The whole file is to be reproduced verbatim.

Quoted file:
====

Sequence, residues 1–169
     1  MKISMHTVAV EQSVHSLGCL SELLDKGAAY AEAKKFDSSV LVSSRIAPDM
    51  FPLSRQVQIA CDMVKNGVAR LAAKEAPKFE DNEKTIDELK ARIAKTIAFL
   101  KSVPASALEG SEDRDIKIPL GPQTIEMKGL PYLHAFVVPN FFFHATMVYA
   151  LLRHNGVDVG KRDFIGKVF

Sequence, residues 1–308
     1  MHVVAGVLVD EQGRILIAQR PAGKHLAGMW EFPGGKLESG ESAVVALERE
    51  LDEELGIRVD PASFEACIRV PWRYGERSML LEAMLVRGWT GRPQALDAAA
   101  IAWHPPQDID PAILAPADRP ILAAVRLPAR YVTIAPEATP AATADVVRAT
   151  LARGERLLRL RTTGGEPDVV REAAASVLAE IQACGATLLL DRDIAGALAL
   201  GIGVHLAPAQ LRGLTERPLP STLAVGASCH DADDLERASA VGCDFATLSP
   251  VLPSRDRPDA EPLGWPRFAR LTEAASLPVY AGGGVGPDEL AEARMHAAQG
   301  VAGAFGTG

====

Sequence, residues 1–169
     1  MKISMHTVAV EQSVHSLGCL SELLDKGAAY AEAKKFDSSV LVSSRIAPDM
    51  FPLSRQVQIA CDMVKNGVAR LAAKEAPKFE DNEKTIDELK ARIAKTIAFL
   101  KSVPASALEG SEDRDIKIPL GPQTIEMKGL PYLHAFVVPN FFFHATMVYA
   151  LLRHNGVDVG KRDFIGKVF

Sequence, residues 1–308
     1  MHVVAGVLVD EQGRILIAQR PAGKHLAGMW EFPGGKLESG ESAVVALERE
    51  LDEELGIRVD PASFEACIRV PWRYGERSML LEAMLVRGWT GRPQALDAAA
   101  IAWHPPQDID PAILAPADRP ILAAVRLPAR YVTIAPEATP AATADVVRAT
   151  LARGERLLRL RTTGGEPDVV REAAASVLAE IQACGATLLL DRDIAGALAL
   201  GIGVHLAPAQ LRGLTERPLP STLAVGASCH DADDLERASA VGCDFATLSP
   251  VLPSRDRPDA EPLGWPRFAR LTEAASLPVY AGGGVGPDEL AEARMHAAQG
   301  VAGAFGTG